I am a great fan of French restaurants particularly the kind that are usually found in villages the length and breadth of France.
These are restaurants for working men, farmers etc which are cheap and cheerful, open at 12 and have a fairly fixed menu. I have written about them in previous missives and have rarely been disappointed. However I would be less than honest if I said that this was gastronomy of the highest order, it is not and does not pretend to be. This is steak and chips and red wine country and good baguette and is all the better for being so.
So when our good friends Sue and Mike asked us to go with them to Le Mans for lunch on them to celebrate my birthday and indeed Mikes, we were not prepared for the haut cuisine to come. We never get any further than the huge shopping area on the outskirts of Le Mans but today we were taken to the old town in the shade of the huge cathedral which to my mind is quite ugly in comparison to say Notre Dame but awesome nevertheless.
We parked in a huge car park and then set off to the labyrinth of narrow streets which zig and zag this part of the old town. The buildings are reminiscent of York in the UK with typical medieval wooden beams everywhere and indeed one had a plaque dating the building to the 1500′s.
There were some intriguing shops too, a brass instrument restorer and a model shop which was a delight with scale model cars and models of Tin Tin the Belgian comic character to mention but a few, oh and Asterix as well. We wandered around taking it all in, the weather was fabulous, the sun was incredibly hot considering this was mid March.
Lunch had been booked for 12.30 at Les Sept Plats, an unremarkable building from the outside but inside was a different matter, we were greeted at the door by smiling staff who confirmed our reservation and advised us that we were to be seated in the cave. And it was just like a cave, the entrance looked as though it had been dug out from solid rock and the stairs whilst very well lit are nevertheless steep and you have to bend low so as not to bang your head.
The dining area is quite long but narrow and cosy is a word I would probably use. Once installed the waitress almost immediately poured us a Kir, white wine and in this case blackcurrant cordial and from the flavour certainly homemade. She then appeared with a basket of country bread, some fresh some half toasted and we dipped it in a creamy, herby concoction which was delicious.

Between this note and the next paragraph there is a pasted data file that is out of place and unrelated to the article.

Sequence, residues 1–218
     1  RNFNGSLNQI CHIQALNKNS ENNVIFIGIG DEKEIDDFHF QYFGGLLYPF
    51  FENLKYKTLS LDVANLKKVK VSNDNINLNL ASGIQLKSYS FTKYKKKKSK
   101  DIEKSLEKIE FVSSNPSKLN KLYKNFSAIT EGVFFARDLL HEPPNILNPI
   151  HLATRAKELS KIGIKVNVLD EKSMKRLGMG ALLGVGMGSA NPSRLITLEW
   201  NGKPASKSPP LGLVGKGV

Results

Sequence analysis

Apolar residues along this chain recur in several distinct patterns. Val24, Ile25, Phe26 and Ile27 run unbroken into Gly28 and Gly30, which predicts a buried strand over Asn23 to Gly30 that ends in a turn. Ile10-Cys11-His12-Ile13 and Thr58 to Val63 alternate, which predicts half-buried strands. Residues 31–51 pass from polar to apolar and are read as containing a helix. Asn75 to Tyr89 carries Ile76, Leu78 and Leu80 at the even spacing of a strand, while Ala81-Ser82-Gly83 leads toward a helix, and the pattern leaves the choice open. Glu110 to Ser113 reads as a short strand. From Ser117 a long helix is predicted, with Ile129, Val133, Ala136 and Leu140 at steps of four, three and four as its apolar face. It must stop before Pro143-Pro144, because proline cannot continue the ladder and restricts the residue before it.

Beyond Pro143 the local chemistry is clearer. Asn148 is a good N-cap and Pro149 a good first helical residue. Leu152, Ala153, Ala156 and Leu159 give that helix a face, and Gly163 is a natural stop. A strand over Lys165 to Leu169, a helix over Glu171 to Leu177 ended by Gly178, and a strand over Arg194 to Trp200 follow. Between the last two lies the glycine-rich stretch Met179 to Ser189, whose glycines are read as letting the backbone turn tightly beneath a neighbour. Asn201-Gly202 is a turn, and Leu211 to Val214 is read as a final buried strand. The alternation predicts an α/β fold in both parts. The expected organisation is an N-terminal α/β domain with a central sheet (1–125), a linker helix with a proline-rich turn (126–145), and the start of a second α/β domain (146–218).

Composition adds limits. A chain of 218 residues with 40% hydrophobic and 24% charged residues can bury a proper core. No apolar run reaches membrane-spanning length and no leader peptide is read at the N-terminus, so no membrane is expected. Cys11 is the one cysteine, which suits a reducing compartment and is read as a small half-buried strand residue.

The mains included beef in a sauce, fish in a butter sauce but on hearing what the plat de jour was, we all went for it. The Chef here has a lightness of touch, and an ability to create a dish so far beyond the budget he is working within, and when the dish arrived I cursed myself for forgetting the camera again. Veal is a meat which like foie gras tends to evoke strong emotions with people in the UK but not so the French nor me or my fellow diners. This was veal with foie gras and chanterelle mushrooms in a sauce that cried soak me up with that fine country bread, but there was more to come, in a separate bowl was mashed potato to die for, not only creamy, buttery, light but flavoured with what I thought was just finely minced mushrooms but now I think about it was there not a hint of truffle as well?
Just for good measure another larger bowl of the fabulous mash was put on the table between us and it soaked up the sublime sauce beautifully.
On the wine front a bottle of muscadet went down well but a carafe of plain water was provided without needing to be asked for.
Puds were typical French, myself and Mrs Powerfulpierre went for the Paris Brest, choux pastry filled with hazelnut cream and doused in icing sugar and crushed hazelnuts. There was lemon meringue pie, white chocolate ice cream and hot chocolate sauce, I forget what else but what we had was delicious. Coffee came with a jar of marshmallows which was unusual but went really well.
And after just over 2 hours we exited into the bright afternoon sunshine well fed and content and affirming that we would go back again this time with a camera.
So thank you to Sue and Mike for treating us in the first place but also for letting us into their little secret as well.